English teacher Dexter feels like he’s being taunted by the universe. Everywhere he turns he’s accosted by wedding invitations, housewarming parties and tables for two. Every last one of his friends is settling down with their other halves, while Dexter spends his evenings marking schoolbooks with his ginger cat for company. The thing is, he doesn’t even mind being single; he just wishes his friends were too.
After another wedding ends in a drunken disaster, Dexter is musing on the situation and wondering what he’s going to screw up next, when he gets the shocking reminder that he’s not the centre of the universe. An alien spaceship has landed on the continent and when first contact is made, it’s anything but friendly.
Humanity’s numbers dwindle immediately, and the survivors are left to do exactly that – survive. Dexter gathers his friends and they all set off on a mission across the country, each with the goal of preserving their own lives in this new world. But these aliens are two-headed, tenacious and have technology beyond anything seen on Earth, so saving the day looks more and more unlikely as they track down Dexter’s motley crew. In the end, perhaps it is the one thing Dexter dislikes most that will help him survive, if he can just stop thinking about himself for one minute.
Written to subvert any story that insists on including a romance subplot, as well as any science fiction story where untrained amateurs inexplicably have the right skills to save the day, The Third Wheel shines a light on those who are just trying to make it through to tomorrow in the face of overwhelming odds.
What appears to be a door on the side of the craft slides open and there are immediately two figures present in the gap. They appear vaguely human, although very tall, but they are mere shadows due to the way the lighting falls. Cameras are too far away, but the BBC cameraman, hands apparently shaking like an aspen in a high wind is trying to zoom in.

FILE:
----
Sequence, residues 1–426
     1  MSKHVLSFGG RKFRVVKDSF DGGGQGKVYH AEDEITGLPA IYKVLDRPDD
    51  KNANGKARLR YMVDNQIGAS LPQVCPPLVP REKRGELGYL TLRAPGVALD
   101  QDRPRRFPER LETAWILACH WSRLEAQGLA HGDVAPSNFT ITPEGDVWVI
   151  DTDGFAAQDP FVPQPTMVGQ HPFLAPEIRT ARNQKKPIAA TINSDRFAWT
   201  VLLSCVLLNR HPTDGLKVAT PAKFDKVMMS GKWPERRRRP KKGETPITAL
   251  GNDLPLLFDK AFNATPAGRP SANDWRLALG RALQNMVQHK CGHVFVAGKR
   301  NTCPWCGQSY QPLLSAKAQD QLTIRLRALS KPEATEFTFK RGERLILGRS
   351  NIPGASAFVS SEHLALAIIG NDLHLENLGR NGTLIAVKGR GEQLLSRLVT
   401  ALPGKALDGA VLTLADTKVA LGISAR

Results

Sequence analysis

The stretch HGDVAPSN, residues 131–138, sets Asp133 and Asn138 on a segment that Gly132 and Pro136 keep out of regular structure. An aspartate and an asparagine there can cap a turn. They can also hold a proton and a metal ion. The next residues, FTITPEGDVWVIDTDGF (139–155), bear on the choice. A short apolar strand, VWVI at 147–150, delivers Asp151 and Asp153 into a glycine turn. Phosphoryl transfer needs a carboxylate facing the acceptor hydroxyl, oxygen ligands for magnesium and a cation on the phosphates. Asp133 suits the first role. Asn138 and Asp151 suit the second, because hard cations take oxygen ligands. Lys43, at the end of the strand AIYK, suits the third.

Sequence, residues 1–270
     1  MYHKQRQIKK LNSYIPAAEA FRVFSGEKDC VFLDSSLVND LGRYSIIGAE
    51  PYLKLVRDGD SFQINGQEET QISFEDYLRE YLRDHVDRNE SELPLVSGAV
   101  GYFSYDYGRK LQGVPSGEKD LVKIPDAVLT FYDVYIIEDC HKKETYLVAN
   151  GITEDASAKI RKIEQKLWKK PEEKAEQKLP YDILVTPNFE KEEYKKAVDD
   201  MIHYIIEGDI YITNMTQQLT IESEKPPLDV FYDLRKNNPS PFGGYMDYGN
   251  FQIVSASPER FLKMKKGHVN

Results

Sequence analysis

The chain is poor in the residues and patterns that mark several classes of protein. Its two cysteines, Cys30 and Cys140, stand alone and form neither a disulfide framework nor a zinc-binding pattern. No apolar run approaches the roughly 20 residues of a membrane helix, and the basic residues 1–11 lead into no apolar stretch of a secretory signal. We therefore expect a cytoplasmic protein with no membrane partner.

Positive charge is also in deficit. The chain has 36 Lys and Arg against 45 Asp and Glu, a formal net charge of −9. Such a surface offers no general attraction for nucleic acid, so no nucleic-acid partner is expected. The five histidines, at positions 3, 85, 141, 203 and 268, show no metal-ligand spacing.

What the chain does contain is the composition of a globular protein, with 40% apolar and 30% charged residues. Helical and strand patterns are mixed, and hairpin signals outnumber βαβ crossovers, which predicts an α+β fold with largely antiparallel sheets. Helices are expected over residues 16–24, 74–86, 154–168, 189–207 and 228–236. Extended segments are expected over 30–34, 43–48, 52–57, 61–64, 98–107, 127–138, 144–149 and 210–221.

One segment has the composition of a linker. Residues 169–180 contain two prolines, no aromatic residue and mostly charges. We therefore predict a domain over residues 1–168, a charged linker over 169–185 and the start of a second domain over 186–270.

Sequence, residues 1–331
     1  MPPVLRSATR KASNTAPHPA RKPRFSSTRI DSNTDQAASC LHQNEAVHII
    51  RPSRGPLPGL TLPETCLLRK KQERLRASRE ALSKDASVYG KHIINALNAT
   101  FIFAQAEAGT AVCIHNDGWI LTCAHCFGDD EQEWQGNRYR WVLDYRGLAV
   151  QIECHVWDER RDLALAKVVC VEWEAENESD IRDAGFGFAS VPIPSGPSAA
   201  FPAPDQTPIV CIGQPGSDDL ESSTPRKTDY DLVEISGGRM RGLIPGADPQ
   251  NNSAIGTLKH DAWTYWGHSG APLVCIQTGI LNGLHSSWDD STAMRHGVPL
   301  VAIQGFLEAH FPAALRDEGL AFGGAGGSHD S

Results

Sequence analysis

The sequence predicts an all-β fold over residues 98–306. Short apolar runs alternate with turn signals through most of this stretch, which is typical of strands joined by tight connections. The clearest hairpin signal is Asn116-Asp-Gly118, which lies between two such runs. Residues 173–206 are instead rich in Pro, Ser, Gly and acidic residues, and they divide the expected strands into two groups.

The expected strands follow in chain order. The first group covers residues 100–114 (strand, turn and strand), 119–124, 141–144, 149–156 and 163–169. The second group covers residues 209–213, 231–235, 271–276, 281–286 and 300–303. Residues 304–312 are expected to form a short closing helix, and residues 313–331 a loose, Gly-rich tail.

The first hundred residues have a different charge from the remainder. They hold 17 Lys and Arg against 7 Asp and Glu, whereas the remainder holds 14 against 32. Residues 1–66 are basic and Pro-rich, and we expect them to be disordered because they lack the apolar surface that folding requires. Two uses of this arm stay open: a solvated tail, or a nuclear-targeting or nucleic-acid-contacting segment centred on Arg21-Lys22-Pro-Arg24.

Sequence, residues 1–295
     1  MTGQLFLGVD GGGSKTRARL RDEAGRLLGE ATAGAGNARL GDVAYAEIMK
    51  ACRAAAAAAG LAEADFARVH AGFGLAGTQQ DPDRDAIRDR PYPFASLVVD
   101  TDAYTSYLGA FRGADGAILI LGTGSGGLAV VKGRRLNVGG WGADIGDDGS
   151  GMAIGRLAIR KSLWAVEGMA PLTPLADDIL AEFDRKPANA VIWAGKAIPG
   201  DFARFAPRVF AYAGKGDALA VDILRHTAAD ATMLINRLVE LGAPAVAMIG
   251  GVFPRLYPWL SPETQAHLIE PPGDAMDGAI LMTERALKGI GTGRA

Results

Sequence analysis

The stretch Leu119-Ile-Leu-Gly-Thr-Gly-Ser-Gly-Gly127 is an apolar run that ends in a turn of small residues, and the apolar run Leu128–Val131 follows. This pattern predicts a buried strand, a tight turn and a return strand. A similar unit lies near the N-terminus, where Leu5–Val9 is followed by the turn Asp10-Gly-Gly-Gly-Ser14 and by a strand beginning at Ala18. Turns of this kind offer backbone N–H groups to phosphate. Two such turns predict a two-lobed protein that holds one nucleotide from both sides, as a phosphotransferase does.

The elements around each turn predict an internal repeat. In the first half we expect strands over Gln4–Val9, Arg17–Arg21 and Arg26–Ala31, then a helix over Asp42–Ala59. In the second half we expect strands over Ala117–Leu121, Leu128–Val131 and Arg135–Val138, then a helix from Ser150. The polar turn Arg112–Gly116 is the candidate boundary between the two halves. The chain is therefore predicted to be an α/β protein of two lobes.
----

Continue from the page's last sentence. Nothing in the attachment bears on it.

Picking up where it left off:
“What the actual…” begins Alex, but Ruby shushes him, and the three of us (four if you include Catsby, who seems to sense that something strange was happening) stare open-mouthed at the screen. The aliens – they had to be aliens – are still several feet from the ground, and it is now clear that they are wearing some sort of spacesuits. As they take one step forward to the very edge of the door, something else becomes clear.
It isn’t two figures, it’s one. What I had taken to be the two large round heads of a pair of aliens belonged to the same creature, one with – apparently – two arms and two legs, but also two heads, each encased in its own helmet. The streets around these events – taking place in the coastal Norwegian town of Moss – are packed with people but absolutely silent. You could’ve heard a photograph cough.
The world freezes and then there is a little flicker of something bottle green in the corner of my eyes.
“Did you just…”
“Yes,” says Ruby-and-Alex. The bottle green is replaced with the turquoise of Caribbean oceans, which slides seamlessly into onyx. The figure steps from the door and floats down to terra firma, landing silently on asphalt. The heads don’t look at one another, but nonetheless you get the sense they are communicating. Occasionally I see flashes of colour – maroon and cream, chestnut and tangerine – but the planet is, for the most part, silent.
The cameras have zoomed in as far as they can, but what the alien actually looks like under its suit remains a mystery. The helmets have small black visors in a position that suggests their eyes are located in the same place as ours. The alien reaches for a silvery pack on its chest and holds it up to one of the visors, apparently looking at something. It thumbs at something on the pack and then clips it back onto its chest.
“What’s it doing?” whispers Ruby.
As we all know, a book is nothing without its characters. They could be blood-sucking vampires, wealthy socialites, Belgian detectives or ex-gods and witches, but they all bring the story to life in their own unique ways. In The Third Wheel, the characters we're following are little more grounded. Here's a quick glance at who they are.
Dexter is our narrator and hero. He's a teacher who is struggling…
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